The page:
Political extremism and the refugee crisis
Our collaborative 10-day trip to Vienna in late May included seventeen students from both POL 242 “West European Politics” taught by Dr. Besir Ceka and GER 361 “Austria: 1900—Now” taught by Dr. Robin Ellis. We were accompanied by four other faculty members, Dr. Maggie McCarthy (German Studies), Dr. Roman Utkin (Russian Studies), and Dr. Natalie Deckard (Sociology), who each contributed areas of expertise to our investigation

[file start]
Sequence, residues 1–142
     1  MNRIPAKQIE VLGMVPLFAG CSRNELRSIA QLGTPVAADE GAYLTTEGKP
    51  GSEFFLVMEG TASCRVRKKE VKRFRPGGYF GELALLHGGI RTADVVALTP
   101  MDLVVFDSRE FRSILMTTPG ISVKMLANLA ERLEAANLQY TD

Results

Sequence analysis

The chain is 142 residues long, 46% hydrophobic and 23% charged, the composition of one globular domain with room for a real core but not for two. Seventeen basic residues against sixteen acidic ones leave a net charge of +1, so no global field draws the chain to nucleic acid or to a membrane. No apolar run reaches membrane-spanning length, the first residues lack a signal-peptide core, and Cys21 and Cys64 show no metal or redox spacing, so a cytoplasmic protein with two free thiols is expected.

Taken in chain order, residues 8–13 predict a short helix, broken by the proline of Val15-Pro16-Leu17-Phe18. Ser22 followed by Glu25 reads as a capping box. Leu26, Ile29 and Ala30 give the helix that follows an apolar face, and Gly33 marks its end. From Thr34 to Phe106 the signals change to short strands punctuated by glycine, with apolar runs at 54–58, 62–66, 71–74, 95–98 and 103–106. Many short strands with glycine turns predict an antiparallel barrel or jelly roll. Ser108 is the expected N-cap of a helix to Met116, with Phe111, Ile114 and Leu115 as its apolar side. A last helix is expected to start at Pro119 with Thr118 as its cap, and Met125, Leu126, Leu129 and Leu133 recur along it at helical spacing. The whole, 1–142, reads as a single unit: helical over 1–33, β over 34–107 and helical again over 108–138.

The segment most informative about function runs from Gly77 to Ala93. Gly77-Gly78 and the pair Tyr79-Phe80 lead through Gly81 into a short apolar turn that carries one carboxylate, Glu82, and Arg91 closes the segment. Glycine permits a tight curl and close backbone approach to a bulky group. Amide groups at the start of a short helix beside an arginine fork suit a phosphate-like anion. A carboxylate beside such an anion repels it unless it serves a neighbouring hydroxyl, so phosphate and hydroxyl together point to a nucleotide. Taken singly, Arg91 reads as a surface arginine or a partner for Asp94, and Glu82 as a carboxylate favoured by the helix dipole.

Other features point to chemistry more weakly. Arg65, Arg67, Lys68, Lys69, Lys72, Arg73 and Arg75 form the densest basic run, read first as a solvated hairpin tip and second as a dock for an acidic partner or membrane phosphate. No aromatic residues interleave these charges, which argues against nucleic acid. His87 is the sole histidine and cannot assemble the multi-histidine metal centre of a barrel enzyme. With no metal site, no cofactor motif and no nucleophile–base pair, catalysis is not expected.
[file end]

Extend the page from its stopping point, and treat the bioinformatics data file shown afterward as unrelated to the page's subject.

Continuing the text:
The trip built on the foundations established in the two courses mentioned above and allowed students and faculty to deepen and expand the lines of questioning they had developed during the semester in an intensely interdisciplinary setting. Bringing together perspectives from cultural studies, history, and political science, we situated the contemporary refugee crisis and the rise of political extremism in Austria and elsewhere in Europe within a longer cultural-historical context reaching back to the multiethnic Austro-Hungarian Empire and the turmoil of the First and Second World Wars. Approaching contemporary political issues through a cultural and historical lens, we traced key developments in discourses of national, European, and Eastern/Western identity from the turn of the 20th century to the present.